An example of Dofasco’s commitment to training was experienced recently by John Lambert of Benchmark Maintenance Services Inc. of Pickering, Ont. His company sells, supports and offers training for laser alignment, vibration monitoring and ultrasonic systems. Based on his experience working with maintenance groups in hundreds of companies as a millwright, foreman, consultant, training instructor, supervisor and service provider, Lambert says Dofasco “truly does have a world-class maintenance organization.”
“The work that I was doing at Dofasco was for their training group at their Burlington training site. When Dofasco says in their advertisements that their product is steel and their strength is people, I believe it, because I have seen it. They invest in their strength — their people — through training.”
Dofasco approaches training a little differently than most other companies, Lambert found. “For instance, we offer a one-day training program in ultrasonics. We have had customers ask us if we can do it in a half-day because they don’t want to tie up their people all day. The Dofasco approach was to ask if I had allotted enough time for the program
“They said they do not want to just ram information at people and overload them. They want it to be a learning experience. They understand that if you try to push too much at people, they will just switch off.
“When they asked me if I had allotted enough time for my training program, it threw me a little bit, it made me think, and that’s when I started to learn from Dofasco.”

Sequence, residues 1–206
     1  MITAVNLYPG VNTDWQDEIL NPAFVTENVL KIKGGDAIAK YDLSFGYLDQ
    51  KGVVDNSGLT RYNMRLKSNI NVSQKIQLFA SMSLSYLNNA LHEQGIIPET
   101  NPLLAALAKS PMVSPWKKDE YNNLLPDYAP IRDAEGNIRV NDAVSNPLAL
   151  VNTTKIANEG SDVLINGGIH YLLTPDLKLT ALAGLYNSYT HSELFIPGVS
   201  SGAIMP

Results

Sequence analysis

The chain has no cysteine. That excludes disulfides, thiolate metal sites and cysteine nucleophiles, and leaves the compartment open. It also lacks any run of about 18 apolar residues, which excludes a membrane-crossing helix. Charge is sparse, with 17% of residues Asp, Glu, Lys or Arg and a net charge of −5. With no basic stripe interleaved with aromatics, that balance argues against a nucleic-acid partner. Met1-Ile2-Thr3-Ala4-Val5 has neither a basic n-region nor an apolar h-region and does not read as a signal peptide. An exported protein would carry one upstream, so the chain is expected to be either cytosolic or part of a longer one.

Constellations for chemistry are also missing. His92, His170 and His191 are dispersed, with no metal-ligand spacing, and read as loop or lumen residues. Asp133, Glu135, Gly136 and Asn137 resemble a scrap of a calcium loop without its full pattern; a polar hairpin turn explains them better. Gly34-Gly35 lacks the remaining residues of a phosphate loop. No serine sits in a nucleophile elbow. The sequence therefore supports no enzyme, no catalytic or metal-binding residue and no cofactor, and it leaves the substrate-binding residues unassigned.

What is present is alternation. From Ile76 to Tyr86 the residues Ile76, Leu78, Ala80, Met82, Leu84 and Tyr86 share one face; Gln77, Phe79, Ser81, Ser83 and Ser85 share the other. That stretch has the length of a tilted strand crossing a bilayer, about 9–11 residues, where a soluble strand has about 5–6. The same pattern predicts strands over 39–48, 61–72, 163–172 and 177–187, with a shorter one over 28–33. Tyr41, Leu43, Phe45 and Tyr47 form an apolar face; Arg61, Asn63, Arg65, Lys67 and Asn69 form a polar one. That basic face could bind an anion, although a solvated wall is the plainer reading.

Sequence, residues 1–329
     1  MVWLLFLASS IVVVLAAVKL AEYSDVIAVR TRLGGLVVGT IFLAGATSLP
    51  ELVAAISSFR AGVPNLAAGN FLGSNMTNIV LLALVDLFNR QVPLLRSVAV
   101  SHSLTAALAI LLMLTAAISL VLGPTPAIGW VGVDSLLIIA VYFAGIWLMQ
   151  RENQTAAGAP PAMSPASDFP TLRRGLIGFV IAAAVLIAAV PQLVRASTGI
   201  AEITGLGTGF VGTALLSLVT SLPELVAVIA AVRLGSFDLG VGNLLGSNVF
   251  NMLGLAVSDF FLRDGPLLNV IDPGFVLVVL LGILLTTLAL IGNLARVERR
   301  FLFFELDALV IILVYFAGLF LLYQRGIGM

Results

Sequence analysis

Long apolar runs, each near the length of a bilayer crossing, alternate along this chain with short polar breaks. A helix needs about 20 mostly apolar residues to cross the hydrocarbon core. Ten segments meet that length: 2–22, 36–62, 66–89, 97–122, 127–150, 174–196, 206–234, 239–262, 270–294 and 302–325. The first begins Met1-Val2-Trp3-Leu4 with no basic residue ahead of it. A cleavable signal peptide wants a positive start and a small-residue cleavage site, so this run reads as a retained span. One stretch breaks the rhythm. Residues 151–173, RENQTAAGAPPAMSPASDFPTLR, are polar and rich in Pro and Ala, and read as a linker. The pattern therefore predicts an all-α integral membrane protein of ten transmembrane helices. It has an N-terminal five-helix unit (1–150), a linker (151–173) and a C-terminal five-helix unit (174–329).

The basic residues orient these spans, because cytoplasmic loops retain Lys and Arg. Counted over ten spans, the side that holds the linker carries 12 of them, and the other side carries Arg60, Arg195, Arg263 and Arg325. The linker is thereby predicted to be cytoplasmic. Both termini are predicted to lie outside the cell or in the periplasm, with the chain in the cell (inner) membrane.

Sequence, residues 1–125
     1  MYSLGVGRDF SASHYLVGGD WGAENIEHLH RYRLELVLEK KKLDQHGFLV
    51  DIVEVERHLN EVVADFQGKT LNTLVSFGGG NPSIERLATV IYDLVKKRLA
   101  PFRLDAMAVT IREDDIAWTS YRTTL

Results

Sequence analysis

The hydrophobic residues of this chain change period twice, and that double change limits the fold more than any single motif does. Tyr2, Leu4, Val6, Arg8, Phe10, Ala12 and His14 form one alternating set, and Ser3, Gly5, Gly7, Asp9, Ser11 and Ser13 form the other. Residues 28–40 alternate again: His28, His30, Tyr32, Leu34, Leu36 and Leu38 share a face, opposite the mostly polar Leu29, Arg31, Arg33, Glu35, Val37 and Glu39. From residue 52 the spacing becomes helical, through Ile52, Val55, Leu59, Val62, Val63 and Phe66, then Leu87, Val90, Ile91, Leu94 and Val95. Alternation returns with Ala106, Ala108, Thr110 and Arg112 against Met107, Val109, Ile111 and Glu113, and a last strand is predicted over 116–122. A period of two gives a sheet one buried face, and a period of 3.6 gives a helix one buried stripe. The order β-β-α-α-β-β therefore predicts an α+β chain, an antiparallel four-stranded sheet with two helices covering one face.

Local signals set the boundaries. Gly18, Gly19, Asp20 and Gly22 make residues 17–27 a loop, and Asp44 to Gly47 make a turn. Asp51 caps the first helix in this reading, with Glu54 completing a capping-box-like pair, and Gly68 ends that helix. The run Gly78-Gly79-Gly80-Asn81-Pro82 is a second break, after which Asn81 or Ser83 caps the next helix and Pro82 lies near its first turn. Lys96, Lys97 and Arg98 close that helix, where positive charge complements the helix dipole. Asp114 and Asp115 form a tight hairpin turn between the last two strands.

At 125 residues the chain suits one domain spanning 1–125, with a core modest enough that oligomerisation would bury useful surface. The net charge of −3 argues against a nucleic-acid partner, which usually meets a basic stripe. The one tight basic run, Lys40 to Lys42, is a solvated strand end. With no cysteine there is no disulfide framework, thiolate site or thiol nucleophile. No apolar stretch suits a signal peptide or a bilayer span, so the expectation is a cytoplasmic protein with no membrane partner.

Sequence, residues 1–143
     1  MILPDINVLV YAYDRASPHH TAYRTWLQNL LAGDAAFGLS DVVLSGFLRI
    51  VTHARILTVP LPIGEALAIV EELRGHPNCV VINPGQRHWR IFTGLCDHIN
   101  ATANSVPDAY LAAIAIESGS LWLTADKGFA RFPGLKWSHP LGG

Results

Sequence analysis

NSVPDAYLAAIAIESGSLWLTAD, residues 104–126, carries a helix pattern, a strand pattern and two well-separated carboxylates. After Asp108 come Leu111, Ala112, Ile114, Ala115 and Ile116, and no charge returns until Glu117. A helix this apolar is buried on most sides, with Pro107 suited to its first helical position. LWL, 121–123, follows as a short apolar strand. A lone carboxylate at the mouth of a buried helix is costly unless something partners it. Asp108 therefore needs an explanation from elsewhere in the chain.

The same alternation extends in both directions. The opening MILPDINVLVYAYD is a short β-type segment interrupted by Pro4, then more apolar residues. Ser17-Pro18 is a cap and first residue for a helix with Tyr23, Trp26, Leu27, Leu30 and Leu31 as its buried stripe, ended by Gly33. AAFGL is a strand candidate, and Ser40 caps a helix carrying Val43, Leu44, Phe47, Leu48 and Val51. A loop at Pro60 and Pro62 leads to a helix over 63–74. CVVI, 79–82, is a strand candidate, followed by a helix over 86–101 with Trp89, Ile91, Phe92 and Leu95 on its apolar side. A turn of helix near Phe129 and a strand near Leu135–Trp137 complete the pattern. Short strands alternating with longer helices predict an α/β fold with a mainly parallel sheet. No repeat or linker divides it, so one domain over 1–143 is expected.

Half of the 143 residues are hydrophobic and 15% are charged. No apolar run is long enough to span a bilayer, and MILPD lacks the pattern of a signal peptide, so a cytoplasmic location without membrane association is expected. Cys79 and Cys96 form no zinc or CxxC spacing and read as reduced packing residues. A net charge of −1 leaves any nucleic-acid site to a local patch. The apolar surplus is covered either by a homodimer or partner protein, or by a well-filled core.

To plan his training program for the company, Lambert worked with Barry Brown, who heads up a group that does the major installations of equipment at Dofasco. Brown supports the Dofasco Training Group when he can by providing one of his alignment experts to assist in the training it offers, but this isn’t always possible, so training consultants such as Lambert are brought in from time to time.
Mike Dickson handles the training group at the company’s Burlington training centre. “He has a natural exuberance for training,” says Lambert. “I sensed he would like nothing more than to be leading the hands-on training himself. However, as he says, you can’t do it all.”
One of Dickson’s tasks is to coordinate the training of 70 apprentices. The training centre includes a large workshop that has machines set up in a real-world situation. It includes motors, compressors, pumps and a machine set for practice.
Noel Ennis, who works with Brown and is considered the guru of machinery installation at Dofasco, also became involved in setting up the training program with Lambert.
The company has about 15 laser alignment machines in its mills and it wanted its people to understand the complete alignment procedure. The resulting program — expanded to three days — included soft foot measurement, twisted bases measurement, pipe strain, dial alignment, alignment formulas, graph work and laser training. Ennis equated it to “making sure that the trainees have the math before we give them the calculator.”
The company’s attitude to training is comprehensive, because the staff understands the challenge of operating equipment in Dofasco’s extreme environments. “What we are trying to do is create a stress free environment for our equipment to run in,” concludes Dickson.
John Lambert is president of Benchmark Maintenance Services; he can be reached at firstname.lastname@example.org. For information on laser alignment and other training services, circle the number below on a reply card in this issue.